This Valentine’s Day, if you buy a rose—or any other flower, for that matter—chances are good that it will have passed through Miami International Airport. Last year, the airport accounted for 85% of flower imports, with the majority of those coming from South America.
Getting roses from farm to shop is a delicate operation, especially when global demand surges in early to mid-February. More than two hundred million roses are sold for Valentine’s Day alone, accounting for over 30% of florists’ annual revenue.
Flowers are fragile, highly perishable products. Most will last for about ten days, assuming they have been packaged and cooled according to industry standards—for roses, the suggested temperature is typically 33–35 degrees Fahrenheit. On Valentine’s Day in particular, they need to be shipped and processed quickly.
That means most flowers end up flying into the United States. After harvests in large flower-exporting countries like Ecuador and Columbia, getting the flowers to market requires advanced cooling centers, refrigerated trucks, and a team of U.S. Customs inspectors who sort through stems around the clock. Miami is one of the few airports that offer all of these services.
The story of Miami’s floral dominance dates back to the 1970s, when the airport became a gateway between the U.S. and Latin America—just in time to capitalize on the growing demand for fresh-cut flowers. Its peers around the world include Amsterdam, a traditional flower hub; Nairobi, which mainly supplies Europe; and Dubai, home of the Flower Centre, a state-of-the-art $300 million facility. Domestically, only Los Angeles and Dallas have sought to capture more of the market.
Chicago officials once had dreams of making O’Hare International Airport a flower hub. With its central location, expansive airfield, and hundreds of connecting flights, Chicago seems like a good candidate for collection and distribution. In 2012, Mayor Rahm Emanuel even discussed the idea with Netherlands Prime Minister Mark Rutte.
Making this dream happen is a complicated prospect. Marty Lariviere, a professor of managerial economics and decision sciences at Kellogg and author of The Operations Room blog, explains why the rose supply chain is a difficult one to manage. “For one thing, unlike auto parts, it’s not just a matter of clearing customs,” he says. “There are additional regulations for agricultural products—there’s the fumigation process, for example.”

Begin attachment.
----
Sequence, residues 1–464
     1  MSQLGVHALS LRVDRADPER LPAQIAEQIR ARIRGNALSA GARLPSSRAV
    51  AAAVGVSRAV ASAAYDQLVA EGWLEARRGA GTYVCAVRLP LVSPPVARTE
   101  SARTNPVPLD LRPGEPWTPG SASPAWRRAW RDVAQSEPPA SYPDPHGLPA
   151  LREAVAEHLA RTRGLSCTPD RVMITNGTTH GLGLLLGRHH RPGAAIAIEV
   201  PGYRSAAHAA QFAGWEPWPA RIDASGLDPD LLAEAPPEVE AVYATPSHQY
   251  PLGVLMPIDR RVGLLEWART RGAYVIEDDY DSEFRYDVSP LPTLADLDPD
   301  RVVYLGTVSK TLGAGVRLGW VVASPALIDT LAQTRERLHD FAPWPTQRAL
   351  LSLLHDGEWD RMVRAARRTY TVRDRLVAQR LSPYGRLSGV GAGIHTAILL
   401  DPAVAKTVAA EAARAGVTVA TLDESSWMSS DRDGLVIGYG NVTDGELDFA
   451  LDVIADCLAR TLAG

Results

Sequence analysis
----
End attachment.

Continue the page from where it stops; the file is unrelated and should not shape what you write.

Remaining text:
The Miami airport is equipped not only to accommodate millions of roses, but also to keep them at optimum temperature, as well as to satisfy the authorities over at Plant Protection and Quarantine. To compete, Chicago would have to build an even bigger handling facility.
There is also the challenge of adding more cargo flights. “International travel has always been more regulated than domestic travel,” Lariviere says. “It’s easier to add a flight to Kansas City, but the flight between O’Hare and Bogota will be more regulated.” And while there is usually cargo space reserved on every passenger flight, those are subject to consumer demand. “Airlines always want to have a side business for freight,” he says, “but it can’t be developed overnight.”
Theoretically, one of the advantages of having a cold chain is the ability to transport not just flowers, but other perishable products, ranging from produce to seafood to pharmaceuticals. “The problem,” Lariviere says, “is that you have different distribution channels—the distribution channel for produce may not be the one for flowers.” That means airports are forced to commit to handling some products rather than others, and therefore invest in facilities that are more specialized than they might wish.
Airports face a trade-off when it comes to transporting cargo. Some, like Memphis and Louisville (home, respectively, of the FedEx “SuperHub” and UPS “Worldport”) earn most of their revenue transporting cargo for one delivery service; both are among the world’s busiest. In part, their success is due to the fact that neither is located close to a major metropolitan area, where passenger flights and road traffic would slow their shipping business down. Larger airports must constantly balance addressing global travel patterns and capitalizing on cargo.
As the port of entry for flights coming in from Latin America, Miami is still an ideal hub, and it has all the facilities needed to process those Ecuadorian roses. Lariviere doesn’t expect to see this change anytime soon. “If Miami has 85% of the market, that gives them economies of scale, so it’s going to be hard to take that business away.”